showmount -e 192.168.1.1 #view available shares sudo mkdir /server-files #depending on where you put it, you may not need sudo sudo mount -o rw -t nfs 192.168.1.1:/home/brent /server-files__
NFS can be secure. NFSv4 encrypts traffic in-transit and v2/3 allow you to limit promiscuous connections using a mask. In the enterprise or if your traffic crosses a public network you really need to use v4.
SSHFS is a file system using SFTP. Since SFTP is built on top of SSH, SSHFS inherits all the goodness of SSH. SSHFS works for everything I’ve tested so far - I haven’t gotten to the Chromebooks yet, but I have used it in Windows, Mac, Linux, Haiku, BSD, and others. SSHFS requires installing the sshfs package and installing the SSH server daemon. File permissions are communicated based on how you login.
On Linux, the command to mount a directory using SSHFS looks like this (the server is 192.168.1.1).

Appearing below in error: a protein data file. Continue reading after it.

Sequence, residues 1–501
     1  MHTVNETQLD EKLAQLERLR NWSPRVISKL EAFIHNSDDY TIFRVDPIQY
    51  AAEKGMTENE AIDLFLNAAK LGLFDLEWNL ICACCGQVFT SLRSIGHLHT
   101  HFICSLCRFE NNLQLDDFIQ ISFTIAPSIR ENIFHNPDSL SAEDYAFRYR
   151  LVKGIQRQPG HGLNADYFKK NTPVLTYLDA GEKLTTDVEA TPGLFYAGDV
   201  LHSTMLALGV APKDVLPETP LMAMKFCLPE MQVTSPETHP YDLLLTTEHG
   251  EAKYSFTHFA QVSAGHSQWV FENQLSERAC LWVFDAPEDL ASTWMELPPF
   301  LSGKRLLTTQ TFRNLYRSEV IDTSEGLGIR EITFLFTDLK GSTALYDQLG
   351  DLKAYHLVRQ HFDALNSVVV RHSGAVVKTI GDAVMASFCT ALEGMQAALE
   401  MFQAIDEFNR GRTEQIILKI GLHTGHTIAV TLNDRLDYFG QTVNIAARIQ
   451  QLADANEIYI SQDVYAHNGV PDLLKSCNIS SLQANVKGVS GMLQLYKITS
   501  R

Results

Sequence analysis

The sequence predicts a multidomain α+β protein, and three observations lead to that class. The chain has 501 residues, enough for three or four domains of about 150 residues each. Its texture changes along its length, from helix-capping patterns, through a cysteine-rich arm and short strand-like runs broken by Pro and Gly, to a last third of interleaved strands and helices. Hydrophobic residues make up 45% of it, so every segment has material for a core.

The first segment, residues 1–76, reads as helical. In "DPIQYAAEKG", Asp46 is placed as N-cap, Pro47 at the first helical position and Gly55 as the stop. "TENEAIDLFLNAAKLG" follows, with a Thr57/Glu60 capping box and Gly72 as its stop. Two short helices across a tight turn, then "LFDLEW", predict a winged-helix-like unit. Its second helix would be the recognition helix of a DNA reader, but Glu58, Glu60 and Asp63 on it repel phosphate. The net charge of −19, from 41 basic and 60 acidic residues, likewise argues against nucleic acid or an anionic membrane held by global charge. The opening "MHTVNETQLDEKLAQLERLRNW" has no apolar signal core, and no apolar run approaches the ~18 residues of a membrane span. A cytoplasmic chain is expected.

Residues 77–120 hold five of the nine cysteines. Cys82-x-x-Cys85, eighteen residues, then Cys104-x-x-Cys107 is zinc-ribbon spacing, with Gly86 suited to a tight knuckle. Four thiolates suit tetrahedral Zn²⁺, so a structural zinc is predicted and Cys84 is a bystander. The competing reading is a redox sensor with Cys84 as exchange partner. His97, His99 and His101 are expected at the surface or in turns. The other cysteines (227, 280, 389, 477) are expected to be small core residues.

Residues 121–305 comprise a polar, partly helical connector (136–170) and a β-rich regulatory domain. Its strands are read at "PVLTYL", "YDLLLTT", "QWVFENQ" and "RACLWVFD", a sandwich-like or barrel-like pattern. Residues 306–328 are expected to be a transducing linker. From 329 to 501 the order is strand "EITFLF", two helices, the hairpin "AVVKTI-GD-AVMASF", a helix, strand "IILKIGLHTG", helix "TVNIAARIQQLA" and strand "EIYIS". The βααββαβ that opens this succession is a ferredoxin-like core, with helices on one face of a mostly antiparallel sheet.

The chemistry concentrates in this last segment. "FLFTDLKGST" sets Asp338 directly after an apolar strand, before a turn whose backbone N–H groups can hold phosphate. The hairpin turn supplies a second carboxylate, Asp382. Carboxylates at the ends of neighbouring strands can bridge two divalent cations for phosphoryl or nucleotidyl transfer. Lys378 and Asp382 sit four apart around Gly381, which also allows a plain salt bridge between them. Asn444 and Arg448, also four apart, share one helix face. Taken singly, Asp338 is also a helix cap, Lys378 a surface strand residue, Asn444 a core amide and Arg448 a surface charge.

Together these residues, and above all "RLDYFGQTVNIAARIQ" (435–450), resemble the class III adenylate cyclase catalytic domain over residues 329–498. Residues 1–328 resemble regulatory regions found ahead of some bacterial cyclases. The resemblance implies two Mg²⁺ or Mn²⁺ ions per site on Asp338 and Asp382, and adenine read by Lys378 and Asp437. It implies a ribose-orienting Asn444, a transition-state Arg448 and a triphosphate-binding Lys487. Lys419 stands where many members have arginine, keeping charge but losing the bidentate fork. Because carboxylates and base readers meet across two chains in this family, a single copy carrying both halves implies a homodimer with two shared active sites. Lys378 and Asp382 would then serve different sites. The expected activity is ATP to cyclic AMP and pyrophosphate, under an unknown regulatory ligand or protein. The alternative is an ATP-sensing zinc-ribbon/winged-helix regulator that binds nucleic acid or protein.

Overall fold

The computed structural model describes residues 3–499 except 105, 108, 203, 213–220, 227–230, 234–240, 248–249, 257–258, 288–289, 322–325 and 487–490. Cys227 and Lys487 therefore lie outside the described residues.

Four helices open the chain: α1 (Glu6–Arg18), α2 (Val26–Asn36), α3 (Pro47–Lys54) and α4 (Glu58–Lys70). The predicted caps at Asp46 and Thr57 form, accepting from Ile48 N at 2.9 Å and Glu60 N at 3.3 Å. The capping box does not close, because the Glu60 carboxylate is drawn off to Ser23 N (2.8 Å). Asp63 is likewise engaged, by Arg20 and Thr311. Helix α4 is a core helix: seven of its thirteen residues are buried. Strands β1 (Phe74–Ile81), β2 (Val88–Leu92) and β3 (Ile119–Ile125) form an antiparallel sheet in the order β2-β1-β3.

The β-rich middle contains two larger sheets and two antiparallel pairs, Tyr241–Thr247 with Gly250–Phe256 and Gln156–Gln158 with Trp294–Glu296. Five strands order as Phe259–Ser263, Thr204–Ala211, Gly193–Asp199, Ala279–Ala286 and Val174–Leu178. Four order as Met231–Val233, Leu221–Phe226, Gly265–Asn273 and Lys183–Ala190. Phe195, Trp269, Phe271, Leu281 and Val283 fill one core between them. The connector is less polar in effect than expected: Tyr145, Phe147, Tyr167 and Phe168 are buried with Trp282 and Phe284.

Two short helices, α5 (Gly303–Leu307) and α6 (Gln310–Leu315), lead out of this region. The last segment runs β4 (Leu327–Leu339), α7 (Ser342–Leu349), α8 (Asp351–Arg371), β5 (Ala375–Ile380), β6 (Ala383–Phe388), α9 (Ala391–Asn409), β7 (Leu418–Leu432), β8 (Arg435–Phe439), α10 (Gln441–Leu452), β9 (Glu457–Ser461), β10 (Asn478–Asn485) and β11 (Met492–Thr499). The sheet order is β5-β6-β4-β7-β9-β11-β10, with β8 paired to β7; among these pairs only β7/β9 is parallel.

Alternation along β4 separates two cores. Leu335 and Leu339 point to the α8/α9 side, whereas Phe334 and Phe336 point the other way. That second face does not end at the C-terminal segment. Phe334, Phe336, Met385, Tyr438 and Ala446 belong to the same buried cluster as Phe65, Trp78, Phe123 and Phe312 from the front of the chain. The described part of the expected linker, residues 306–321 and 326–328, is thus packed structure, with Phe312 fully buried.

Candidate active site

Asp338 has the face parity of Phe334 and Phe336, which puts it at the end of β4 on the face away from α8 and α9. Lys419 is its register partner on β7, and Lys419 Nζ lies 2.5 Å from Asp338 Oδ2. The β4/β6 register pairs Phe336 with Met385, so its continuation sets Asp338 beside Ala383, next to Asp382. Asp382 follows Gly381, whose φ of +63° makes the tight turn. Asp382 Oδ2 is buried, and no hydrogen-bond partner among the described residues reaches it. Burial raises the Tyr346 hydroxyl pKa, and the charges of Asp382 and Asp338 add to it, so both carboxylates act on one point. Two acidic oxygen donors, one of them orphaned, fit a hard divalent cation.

sudo apt install sshfs mkdir ~/server #if it doesn't already exist_ sudo sshfs -o allow_other,default_permissions email@example.com:/home/brent /home/brent/server
You can add this to fstab if you want it to be automatic.
sudo nano /etc/fstab # add this line firstname.lastname@example.org:/home/brent /home/brent/server fuse.sshfs _netdev,idmap=user,uid=1001,gid=1002,allow_other,default_permissions 0 0
For Windows, I’m using a stack of WinFsp, SSHFS-Win, and SSHFS-Win-Manager (links in notes). Here’s the procedure:
This is aimed at the family members who don’t want to futz around with computers all day, so install SSHFS-Win Manager from Github (I tested with sshfs-win-manager-setup-v1.0.1.exe). Once installed, click “add connection”. The connection information is standard SSH information. To attach my remote user directory to my local one as in the earlier example, I would specify a Remote path of /home/brent and a Local Path of /home/brent/server.